And then I bought several skeins because seriously guys, they were only $3.00!

Of course, I could go on all day about how great the yarn is, but you don’t have to take my word for it. How about the US Olympic Team though? Pretty hard to ignore them.

Yep. Kraemer Yarns spun the wool that was used by Ralph Lauren to make the 2014 Olympic Sweaters! They have one proudly displayed in their shop and it is breathtaking. I touched it. I can now add “rubbed Olympic Sweater on my face” to my resume.

If you are in the Nazareth, PA area and want to check out all the amazing stuff Kraemer has to offer, they are open Monday-Friday from 9-5 and Saturdays 9-4. You can also check them out on Ravelry, Facebook, and Twitter. Their yarn is available in many local yarn shops and in their online store.  Come back this time next week for an in depth look “behind the curtain” of how your yarn is made.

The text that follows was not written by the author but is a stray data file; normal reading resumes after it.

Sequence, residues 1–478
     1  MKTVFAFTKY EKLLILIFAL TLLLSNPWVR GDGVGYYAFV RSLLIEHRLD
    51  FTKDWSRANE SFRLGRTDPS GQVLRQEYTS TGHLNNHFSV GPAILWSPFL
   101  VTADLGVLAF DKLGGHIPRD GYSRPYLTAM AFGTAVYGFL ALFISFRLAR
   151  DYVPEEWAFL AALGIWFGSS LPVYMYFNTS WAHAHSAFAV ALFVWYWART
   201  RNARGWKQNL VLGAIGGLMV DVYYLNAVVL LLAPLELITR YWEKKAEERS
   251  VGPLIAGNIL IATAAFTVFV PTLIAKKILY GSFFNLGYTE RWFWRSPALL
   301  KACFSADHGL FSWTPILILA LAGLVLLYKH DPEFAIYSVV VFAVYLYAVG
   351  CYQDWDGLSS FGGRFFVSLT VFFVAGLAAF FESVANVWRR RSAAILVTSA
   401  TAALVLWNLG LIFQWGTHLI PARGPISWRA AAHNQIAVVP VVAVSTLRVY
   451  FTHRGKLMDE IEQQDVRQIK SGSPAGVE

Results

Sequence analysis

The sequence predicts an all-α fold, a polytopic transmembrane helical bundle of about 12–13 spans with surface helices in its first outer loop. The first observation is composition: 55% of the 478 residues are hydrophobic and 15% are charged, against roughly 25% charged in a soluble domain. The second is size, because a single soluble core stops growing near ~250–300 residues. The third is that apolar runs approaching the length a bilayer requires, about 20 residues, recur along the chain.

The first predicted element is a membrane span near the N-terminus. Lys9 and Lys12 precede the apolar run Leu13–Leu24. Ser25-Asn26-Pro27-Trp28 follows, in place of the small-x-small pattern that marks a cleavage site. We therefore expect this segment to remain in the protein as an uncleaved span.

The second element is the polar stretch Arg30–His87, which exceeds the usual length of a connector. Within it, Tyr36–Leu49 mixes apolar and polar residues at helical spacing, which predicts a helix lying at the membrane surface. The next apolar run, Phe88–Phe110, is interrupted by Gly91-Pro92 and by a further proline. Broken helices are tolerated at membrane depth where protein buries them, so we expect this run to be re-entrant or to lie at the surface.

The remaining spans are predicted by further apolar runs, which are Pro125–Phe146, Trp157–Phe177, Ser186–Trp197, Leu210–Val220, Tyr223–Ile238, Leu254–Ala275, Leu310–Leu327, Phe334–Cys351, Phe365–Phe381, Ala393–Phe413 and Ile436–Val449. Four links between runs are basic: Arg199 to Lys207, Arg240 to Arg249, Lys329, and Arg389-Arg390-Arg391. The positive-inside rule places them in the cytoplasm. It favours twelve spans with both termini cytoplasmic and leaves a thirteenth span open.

~ Megan-Anne
We’re off to see the Wizard.

 

2014 Geek-A-Long: Star Trek

week 30 Star Trek (2)

Welcome to week 30 of the 2014 Geek-A-Long, a mystery blanket knit-along (or crochet-along for you rebels out there)! If you’re new to the GAL craziness, check out the Geek-A-Long FAQ page for more details and information. Then, meet us back here when you’re ready. For the seasoned pros, let’s talk about Star Trek.

week 30 Star Trek (5)

I’ve been a Trekkie for a long time, and I come by it honestly. My uncles were super into sci-fi when I was little and they passed on their love of the USS Enterprise to me at an early age. I was always into The Next Generation, which may or may not be connected to my deep and abiding pubescent love of Wesley Crusher.